In this AdAge article, Larry Light discusses the impact brand journalism is having on brand management. Citing the success of McDonald’s “I’m lovin’ it” campaign, he recommends that marketers forgo the traditional marketing approach that focused on a single, repetitive message in favor of a “content stream approach,” which involves multi-dimensional messages via multiple channels to multiple audiences.
The article reflects an earlier, 2004 speech that Larry Light, then McDonald’s CMO, gave at AdWatch conference. In it, he described brand journalism as “a chronicle of the varied things that happen in our brand world, throughout our day, throughout the years. Our brand means different things to different people. It does not have one brand position. It is positioned differently in the minds of kids, teens, young adults, parents and seniors. It is positioned differently at breakfast, lunch, dinner, snack, weekday, weekend, with kids or on a business trip.
“Brand Journalism allows us to be a witness to the multi-faceted aspects of a brand story. No one communication alone tells the whole brand story. Each communication provides a different insight into our brand. It all adds up to a McDonald’s journalistic brand chronicle.”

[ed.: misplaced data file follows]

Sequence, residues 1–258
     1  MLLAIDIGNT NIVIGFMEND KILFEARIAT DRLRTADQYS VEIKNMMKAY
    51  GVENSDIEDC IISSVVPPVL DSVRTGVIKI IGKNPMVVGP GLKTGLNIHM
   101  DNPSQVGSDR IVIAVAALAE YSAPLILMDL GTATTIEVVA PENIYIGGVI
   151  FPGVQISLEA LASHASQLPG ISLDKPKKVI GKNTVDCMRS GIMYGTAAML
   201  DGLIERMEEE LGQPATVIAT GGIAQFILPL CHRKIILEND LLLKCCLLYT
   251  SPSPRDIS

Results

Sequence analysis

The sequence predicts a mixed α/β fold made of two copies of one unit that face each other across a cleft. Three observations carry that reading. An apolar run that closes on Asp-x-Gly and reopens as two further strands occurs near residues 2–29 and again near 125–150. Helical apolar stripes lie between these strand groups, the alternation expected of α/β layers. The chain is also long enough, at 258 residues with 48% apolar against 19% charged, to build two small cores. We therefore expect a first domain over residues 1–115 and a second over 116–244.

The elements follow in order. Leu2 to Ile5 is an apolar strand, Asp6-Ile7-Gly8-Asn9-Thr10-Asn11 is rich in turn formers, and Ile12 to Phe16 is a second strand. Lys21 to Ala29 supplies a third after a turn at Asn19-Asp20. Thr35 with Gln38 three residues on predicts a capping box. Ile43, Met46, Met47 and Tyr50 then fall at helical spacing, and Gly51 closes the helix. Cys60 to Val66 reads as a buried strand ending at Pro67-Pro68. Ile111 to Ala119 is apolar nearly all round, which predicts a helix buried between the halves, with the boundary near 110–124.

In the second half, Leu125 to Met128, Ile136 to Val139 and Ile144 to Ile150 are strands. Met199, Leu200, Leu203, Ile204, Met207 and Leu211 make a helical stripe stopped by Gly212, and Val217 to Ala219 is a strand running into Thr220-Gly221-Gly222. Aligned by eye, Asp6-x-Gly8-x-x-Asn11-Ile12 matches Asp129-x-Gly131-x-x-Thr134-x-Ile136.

Light discusses 3 implications of brand journalism on brand management:
Brand journalism is a modern marketing imperative
With a continuing flow of valuable, relevant, integrated and engaging content. Brand journalism creates an evolving brand story.
Use brand journalism to become a multi-dimensional conversationalist
Emerging media has transformed Brand-customer communications from a monologue to a dialogue to a “multi-logue” communications. By leveraging the different media formats available, brands can engage in a multi-dimensional sharing of information and opinion.
Think like a journalist
Think of brand communications as the ongoing creation of a brand “magazine,” a brand journal, in which each article the content encompasses different subjects, topics and messages – all of which come together as a timely, dynamic and coherent brand story.
With the emerging digital landscape, simplistic, repetitive message pushing is out. Content that attracts and engages consumers with a compelling brand story is in. Or as Light puts it:
Positioning, the message-pushing idea of imposing an overly-distilled, single word in the customer’s mind worldwide, is out of date. In this modern age of dialogue marketing, the old-fashioned idea of aiming to own the customer’s mind is marketing arrogance. Instead of message pushing, the message-engaging concept of brand journalism is increasing in importance in this new, increasingly fragmented, personalized, digital, always-on, mobile era.